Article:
This Week in Logistics News (November 12-16, 2018)

We received the first snow of the season last night, followed by heavy rains. It’s a slushy mess out there.

On the bright side, my daughter is coming home today for Thanksgiving break, so we’re all very excited to see her.

I know I’m a few years late, but I started binge-watching Downton Abbey last week (I’m on episode 7, season two). I’ve started calling my wife “My lady” but she hasn’t come around to calling me “My lord” just yet. Maybe next season.

Okay, enough procrastination. Here’s the supply chain and logistics news that caught my attention this week:

California Fires: How Can Logistics Professionals Help?

Just last month, we highlighted how The American Logistics Aid Network (ALAN) was seeking support from the supply chain and logistics community with relief efforts following hurricanes Florence and Michael. ALAN is now seeking support in response to the California fires. Here’s an excerpt from the press release:

“The need for our supply chain assistance to the people who are being impacted in California hasn’t been extensive yet,” said ALAN Executive Director Kathy Fulton. “However the operative word is yet, which is why we hope members of the logistics community will stay in touch with us often in the days or weeks ahead — or consider making a pre-offer of any space, services and equipment they’d be willing to donate to relief efforts. Like many disasters this one will continue to be an ongoing story for us for many weeks or months to come, so every donation or offer of assistance truly helps.” Started last Thursday, the California Camp Fire has destroyed more than 125,000 acres and claimed 42 lives, making it the deadliest in state history. Meanwhile, the Woolsey Fire has claimed two lives and destroyed nearly 100,000 acres.

Kathy Fulton was my guest on Talking Logistics recently where she discussed how ALAN works with the supply chain and logistics community to provide emergency response services. I will share highlights from our conversation next week.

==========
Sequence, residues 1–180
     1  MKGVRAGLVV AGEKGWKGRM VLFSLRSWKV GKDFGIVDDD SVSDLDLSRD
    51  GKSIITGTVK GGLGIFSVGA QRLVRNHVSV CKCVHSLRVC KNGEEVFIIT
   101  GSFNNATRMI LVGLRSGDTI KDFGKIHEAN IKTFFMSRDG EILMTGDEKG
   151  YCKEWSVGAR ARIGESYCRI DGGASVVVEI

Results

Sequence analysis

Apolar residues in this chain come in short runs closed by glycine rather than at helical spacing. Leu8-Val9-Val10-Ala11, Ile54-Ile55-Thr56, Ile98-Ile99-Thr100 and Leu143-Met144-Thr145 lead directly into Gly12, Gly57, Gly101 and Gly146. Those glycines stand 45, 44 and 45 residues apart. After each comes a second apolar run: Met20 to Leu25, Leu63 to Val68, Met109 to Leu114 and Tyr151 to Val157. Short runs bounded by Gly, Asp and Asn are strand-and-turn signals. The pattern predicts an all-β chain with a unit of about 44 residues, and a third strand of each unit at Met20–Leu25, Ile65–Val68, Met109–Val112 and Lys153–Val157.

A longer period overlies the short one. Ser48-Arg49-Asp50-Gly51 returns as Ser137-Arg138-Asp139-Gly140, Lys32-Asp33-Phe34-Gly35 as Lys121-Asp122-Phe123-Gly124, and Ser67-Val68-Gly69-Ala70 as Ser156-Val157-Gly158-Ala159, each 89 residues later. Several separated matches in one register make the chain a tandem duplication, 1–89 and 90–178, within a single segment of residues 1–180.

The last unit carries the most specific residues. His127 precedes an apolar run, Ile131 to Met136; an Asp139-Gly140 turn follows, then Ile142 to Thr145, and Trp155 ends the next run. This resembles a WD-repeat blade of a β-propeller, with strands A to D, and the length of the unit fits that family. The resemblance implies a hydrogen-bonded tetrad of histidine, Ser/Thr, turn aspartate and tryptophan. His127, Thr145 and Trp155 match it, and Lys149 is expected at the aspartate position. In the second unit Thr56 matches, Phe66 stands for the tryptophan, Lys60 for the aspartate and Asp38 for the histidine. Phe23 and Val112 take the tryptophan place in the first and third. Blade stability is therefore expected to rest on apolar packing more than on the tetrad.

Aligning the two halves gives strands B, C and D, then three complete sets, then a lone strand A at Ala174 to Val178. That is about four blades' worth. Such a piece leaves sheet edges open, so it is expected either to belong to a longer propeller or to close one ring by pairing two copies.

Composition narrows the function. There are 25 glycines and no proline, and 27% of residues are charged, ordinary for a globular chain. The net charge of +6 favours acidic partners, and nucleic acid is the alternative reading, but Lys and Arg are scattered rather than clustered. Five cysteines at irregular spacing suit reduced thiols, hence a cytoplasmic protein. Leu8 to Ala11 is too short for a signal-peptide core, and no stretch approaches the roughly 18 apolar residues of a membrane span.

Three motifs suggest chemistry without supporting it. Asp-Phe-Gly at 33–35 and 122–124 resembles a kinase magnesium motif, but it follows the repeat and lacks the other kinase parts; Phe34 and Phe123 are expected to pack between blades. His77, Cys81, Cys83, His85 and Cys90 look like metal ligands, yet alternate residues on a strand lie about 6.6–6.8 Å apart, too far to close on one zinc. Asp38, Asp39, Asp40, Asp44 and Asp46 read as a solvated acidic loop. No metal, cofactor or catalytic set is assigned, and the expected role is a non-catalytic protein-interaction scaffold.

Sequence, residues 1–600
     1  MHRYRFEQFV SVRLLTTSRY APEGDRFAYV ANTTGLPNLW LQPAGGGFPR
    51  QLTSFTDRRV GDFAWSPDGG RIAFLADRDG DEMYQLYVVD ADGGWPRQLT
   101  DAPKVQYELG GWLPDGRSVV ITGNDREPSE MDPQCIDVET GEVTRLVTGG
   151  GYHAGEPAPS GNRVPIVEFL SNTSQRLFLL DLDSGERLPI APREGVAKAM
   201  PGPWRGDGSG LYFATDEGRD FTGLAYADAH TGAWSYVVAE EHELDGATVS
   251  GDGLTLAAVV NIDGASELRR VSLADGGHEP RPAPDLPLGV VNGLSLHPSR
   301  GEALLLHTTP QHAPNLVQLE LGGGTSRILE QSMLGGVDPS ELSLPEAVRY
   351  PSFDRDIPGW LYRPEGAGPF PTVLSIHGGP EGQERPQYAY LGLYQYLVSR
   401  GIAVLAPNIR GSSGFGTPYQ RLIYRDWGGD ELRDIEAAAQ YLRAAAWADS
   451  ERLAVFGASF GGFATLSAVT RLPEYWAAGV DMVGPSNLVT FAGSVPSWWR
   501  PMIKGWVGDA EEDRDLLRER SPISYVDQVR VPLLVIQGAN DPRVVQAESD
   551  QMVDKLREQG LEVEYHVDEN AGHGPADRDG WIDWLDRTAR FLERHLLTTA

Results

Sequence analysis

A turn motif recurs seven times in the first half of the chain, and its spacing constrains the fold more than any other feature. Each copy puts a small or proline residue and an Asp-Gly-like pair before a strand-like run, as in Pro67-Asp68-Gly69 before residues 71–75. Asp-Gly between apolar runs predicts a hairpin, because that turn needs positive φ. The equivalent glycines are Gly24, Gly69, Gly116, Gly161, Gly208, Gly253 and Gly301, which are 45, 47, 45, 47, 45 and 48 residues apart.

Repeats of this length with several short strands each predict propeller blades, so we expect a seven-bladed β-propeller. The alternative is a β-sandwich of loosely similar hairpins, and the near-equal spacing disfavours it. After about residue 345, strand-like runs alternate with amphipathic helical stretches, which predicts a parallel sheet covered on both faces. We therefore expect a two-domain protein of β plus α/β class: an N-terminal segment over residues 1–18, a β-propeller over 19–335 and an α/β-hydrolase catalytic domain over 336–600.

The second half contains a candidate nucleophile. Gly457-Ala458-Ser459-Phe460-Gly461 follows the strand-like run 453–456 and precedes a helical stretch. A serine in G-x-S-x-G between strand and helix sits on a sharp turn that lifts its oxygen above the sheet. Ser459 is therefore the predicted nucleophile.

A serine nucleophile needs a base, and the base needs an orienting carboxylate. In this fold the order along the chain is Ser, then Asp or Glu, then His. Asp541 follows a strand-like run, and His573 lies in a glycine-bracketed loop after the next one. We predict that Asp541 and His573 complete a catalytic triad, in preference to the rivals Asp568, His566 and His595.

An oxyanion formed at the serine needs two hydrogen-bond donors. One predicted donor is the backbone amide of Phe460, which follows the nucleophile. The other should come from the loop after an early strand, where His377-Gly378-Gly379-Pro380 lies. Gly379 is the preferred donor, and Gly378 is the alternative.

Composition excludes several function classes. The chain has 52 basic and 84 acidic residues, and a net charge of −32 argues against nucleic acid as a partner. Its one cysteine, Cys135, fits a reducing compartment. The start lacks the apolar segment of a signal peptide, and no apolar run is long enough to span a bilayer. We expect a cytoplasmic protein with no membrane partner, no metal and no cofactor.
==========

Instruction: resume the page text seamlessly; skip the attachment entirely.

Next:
I’ll just repeat what I said last month: if you can provide warehousing, transportation and/or material handling equipment to support disaster relief efforts, I encourage you to contact ALAN. It’s during these times that our industry and its people truly shine the brightest.

Tide in a Box: E-Commerce a Catalyst for Smarter Packaging

E-commerce is serving as a catalyst for developing smarter packaging — that is packaging (both primary and secondary) that uses less material, enables more products to fit per case and more cases to fit per pallet (thus saving on transportation costs), and for products to be shipped directly to consumers without extra packaging.

I’ve highlighted examples in the past of how smarter packaging translates into significant transportation savings, such as Sealed Air with its iBubbleWrap (Bubble Wrap Loses Its Pop for Logistics Cost Savings) and how IKEA designs its packaging with shipping in mind (The Better Goal: More Efficient Trucks or Using Fewer Trucks?)

The rapid growth of e-commerce, coupled with pressure from Amazon, is leading companies to rethink and redesign their packaging. Last December, for example, the Wall Street Journal highlighted this example:

Take Philips’s Norelco OneBlade trimmer and shaver, which is sold in stores with 13 packaging pieces. But Philips created special packaging for Amazon: A plain brown box, which eliminates the need to put the razor in a separate Amazon box, cuts out four pieces of packaging and is about 80% smaller in volume than the box needed to ship the store version. Shoppers can select between the two types of packaging on the site, “standard” and “frustration-free.”

And this week, CNN reported that “P&G rolled out the new ‘Tide Eco-Box’ [that] features a twist-to-open pour for the detergent, a pull-out stand, and a measuring cup. The liquid formula, which contains less water than normal Tide, comes in a sealed bag.” Here are some more details from the article:

The version uses 60% less plastic than shipping an equivalent 150 ounce bottle of Tide since it doesn’t require additional layers of cardboard boxing or bubble wrap. It’s lighter and takes up less space in a delivery truck—saving P&G money on shipping costs.

“Its size is perfect for the e-commerce supply chain,” said David Luttenberger, global packaging director at market research firm Mintel. “It’s an easy package for nearly any consumer to pick it up, manipulate the opening features, and dispense from.”

It’s taken a long time, but at last, packaging, transportation, and merchandising are starting to collaborate to create smarter packaging that reduces material and transportation costs and provides environmental benefits too.

And with that, have a happy weekend!

Song of the Week: “Midnight” by Yaz (or Yazoo for those of you outside the U.S.)